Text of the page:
Page 25: Genetic Algorithms and Genetic Programming

Crossover OR mutation?

• Decade long debate: which one is better / necessary / main-background

• Answer (at least, rather wide agreement):– it depends on the problem, but– in general, it is good to have both– both have another role– mutation-only-EA is possible, xover-only-EA would not work

Page 26: Genetic Algorithms and Genetic Programming

Evaluation

• The evaluator decodes a chromosome and assigns it a fitness measure

• The evaluator is the only link between a classical GA and the problem it is solving

evaluation

evaluatedchildren

modifiedchildren

Page 27: Genetic Algorithms and Genetic Programming

Selection Schemes• stochastic sampling

• roulette wheel selection• spin wheel N times

• stochastic universal sampling• roulette wheel selection• single spin, wheel has N equally spaced markers

• tournament selection• choose k candidates at random with uniform probability• pick best one for reproduction• expected number of offspring best : k , average k ½ k-1 , worst k 1/N k-1

Page 28: Genetic Algorithms and Genetic Programming

Replacement Schemes• generational replacement

• entire population is replaced each generation• non-overlapping population

100100100111001

SelectionCrossoverMutation

101110100001011

• steady state replacement• a single individual (worst, random) is replaced by one offspring• overlapping population

100100100111001

SelectionCrossoverMutation

10010010011100101110

Page 29: Genetic Algorithms and Genetic Programming

Deletion

• Generational GA:entire populations replaced with each iteration

• Steady-state GA:a few members replaced each generation

population

discard

discarded members

Page 30: Genetic Algorithms and Genetic Programming

An Abstract Example

Distribution of Individuals in Generation 0

Distribution of Individuals in Generation N

Page 31: Genetic Algorithms and Genetic Programming

A Simple Example

The Traveling Salesman Problem:

Find a tour of a given set of cities so that – each city is visited only once– the total distance traveled is minimized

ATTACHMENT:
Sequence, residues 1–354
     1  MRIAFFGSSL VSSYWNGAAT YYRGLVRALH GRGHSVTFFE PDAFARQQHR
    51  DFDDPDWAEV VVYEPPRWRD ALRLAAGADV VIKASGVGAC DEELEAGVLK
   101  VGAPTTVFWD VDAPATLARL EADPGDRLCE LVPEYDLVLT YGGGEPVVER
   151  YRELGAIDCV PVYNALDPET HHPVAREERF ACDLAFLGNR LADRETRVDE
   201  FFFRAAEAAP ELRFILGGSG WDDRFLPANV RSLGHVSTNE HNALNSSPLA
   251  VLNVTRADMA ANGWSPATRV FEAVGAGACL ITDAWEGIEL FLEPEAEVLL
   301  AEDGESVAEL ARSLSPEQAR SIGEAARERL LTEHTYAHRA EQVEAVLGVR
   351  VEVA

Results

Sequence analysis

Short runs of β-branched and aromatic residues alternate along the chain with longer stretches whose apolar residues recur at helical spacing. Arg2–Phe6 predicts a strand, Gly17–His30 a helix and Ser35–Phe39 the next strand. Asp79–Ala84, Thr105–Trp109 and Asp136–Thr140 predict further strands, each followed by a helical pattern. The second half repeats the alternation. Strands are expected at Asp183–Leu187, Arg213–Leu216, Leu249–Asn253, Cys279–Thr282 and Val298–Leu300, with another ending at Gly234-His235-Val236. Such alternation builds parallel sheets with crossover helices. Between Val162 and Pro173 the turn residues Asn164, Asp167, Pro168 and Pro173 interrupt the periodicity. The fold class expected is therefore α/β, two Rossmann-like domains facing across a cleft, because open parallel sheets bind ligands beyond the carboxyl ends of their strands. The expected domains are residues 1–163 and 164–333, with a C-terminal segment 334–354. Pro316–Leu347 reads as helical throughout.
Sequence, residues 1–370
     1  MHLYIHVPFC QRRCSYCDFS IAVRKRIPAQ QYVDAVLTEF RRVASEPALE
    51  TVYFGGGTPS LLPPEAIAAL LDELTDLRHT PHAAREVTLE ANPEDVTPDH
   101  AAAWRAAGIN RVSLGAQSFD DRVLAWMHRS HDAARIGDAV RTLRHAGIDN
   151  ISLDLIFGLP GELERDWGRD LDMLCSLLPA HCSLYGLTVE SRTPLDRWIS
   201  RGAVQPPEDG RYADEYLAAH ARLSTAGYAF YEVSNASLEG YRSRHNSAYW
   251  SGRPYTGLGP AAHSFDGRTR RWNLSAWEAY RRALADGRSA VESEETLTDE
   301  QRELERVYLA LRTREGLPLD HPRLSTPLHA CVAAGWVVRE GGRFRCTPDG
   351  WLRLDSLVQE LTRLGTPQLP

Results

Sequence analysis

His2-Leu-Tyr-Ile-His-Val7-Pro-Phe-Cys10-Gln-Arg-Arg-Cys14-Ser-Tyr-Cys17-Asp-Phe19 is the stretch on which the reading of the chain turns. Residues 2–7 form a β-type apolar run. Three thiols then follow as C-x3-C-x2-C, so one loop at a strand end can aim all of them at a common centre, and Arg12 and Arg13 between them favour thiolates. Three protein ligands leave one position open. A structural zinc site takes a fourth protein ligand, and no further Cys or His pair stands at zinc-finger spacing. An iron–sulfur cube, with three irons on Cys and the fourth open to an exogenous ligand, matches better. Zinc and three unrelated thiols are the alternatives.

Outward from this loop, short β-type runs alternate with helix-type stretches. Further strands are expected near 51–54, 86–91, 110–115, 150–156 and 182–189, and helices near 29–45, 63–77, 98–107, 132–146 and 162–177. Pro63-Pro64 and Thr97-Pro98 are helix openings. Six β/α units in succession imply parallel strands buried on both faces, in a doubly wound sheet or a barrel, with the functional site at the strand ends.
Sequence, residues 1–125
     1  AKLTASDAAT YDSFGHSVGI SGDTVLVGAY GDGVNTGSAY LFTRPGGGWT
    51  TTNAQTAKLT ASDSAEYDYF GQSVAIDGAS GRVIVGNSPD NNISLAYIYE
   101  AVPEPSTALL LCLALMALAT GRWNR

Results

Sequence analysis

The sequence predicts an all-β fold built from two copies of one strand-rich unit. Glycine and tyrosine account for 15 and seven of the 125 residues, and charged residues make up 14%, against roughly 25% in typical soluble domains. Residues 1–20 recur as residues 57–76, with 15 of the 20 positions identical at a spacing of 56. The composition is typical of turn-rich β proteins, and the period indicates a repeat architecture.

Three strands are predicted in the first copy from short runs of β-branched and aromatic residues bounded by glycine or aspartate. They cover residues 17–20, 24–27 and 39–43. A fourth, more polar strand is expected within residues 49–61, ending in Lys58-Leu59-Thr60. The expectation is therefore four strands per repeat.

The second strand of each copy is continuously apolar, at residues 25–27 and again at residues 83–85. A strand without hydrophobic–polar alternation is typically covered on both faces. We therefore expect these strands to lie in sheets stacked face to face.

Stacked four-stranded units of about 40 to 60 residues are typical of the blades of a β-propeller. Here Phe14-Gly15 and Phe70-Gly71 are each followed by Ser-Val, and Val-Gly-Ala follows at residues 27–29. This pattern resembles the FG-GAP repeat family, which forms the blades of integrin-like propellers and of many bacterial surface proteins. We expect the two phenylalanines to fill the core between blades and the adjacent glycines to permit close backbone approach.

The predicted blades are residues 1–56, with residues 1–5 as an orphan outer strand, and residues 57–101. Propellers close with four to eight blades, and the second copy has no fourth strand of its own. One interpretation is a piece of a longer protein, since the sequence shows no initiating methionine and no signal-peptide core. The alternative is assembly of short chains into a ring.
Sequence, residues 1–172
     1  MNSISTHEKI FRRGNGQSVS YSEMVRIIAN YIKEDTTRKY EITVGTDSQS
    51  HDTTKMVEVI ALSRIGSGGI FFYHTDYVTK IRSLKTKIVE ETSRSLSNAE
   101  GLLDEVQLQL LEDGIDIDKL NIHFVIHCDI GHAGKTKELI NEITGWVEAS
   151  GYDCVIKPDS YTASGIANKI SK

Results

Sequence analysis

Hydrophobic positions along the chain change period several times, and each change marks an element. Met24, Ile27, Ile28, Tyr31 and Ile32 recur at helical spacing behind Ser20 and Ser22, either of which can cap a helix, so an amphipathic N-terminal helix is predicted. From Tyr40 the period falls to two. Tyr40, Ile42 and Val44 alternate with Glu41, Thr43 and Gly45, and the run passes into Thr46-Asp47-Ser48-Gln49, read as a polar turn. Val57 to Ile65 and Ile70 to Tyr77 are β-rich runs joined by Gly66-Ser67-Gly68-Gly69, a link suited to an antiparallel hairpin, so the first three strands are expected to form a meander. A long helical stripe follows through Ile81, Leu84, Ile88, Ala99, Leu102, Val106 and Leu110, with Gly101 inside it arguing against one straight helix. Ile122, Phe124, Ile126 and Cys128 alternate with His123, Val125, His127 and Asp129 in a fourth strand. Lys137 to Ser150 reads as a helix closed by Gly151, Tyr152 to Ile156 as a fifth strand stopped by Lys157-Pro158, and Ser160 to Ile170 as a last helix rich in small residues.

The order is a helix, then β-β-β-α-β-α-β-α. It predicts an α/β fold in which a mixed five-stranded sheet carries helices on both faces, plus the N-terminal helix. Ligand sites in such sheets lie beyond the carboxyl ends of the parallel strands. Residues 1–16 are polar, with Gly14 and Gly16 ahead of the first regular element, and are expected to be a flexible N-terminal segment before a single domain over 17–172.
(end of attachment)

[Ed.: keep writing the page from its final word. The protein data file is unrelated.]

Page 32: Genetic Algorithms and Genetic Programming

Representation

Representation is an ordered list of city

numbers known as an order-based GA.

1) London 3) Dunedin 5) Beijing 7) Tokyo

2) Venice 4) Singapore 6) Phoenix 8) Victoria

CityList1 (3 5 7 2 1 6 4 8)

CityList2 (2 5 7 6 8 1 3 4)

Page 33: Genetic Algorithms and Genetic Programming

Crossover combines inversion and

recombination:

* *

Parent1 (3 5 7 2 1 6 4 8)

Parent2 (2 5 7 6 8 1 3 4)

Child (5 8 7 2 1 6 3 4)

This operator is called the Order1 crossover.

Crossover

Page 34: Genetic Algorithms and Genetic Programming

Mutation involves reordering of the list:

* *

Before: (5 8 7 2 1 6 3 4)

After: (5 8 6 2 1 7 3 4)

Mutation

Page 35: Genetic Algorithms and Genetic Programming

TSP Example: 30 Cities

0

20

40

60

80

100

120

0 10 20 30 40 50 60 70 80 90 100

x

y

Page 36: Genetic Algorithms and Genetic Programming

Solution i (Distance = 941)

TSP30 (Performance = 941)

0

20

40

60

80

100

120

0 10 20 30 40 50 60 70 80 90 100

x

y

Page 37: Genetic Algorithms and Genetic Programming

Solution j(Distance = 800)44626967786462544250404038213567606040425099

TSP30 (Performance = 800)

0

20

40

60

80

100

120

0 10 20 30 40 50 60 70 80 90 100

x

y

Page 38: Genetic Algorithms and Genetic Programming

Solution k(Distance = 652)

TSP30 (Performance = 652)

0

20

40

60

80

100

120

0 10 20 30 40 50 60 70 80 90 100

x

y

Page 39: Genetic Algorithms and Genetic Programming

Best Solution (Distance = 420)42383526213532

73846445860697678716967628494

TSP30 Solution (Performance = 420)

0

20

40

60

80

100

120

0 10 20 30 40 50 60 70 80 90 100

x

y

Page 40: Genetic Algorithms and Genetic Programming

Overview of Performance

TSP30 - Overview of Performance

0

200

400

600

800

1000

1200

1400

1600

1800

1 3 5 7 9 11 13 15 17 19 21 23 25 27 29 31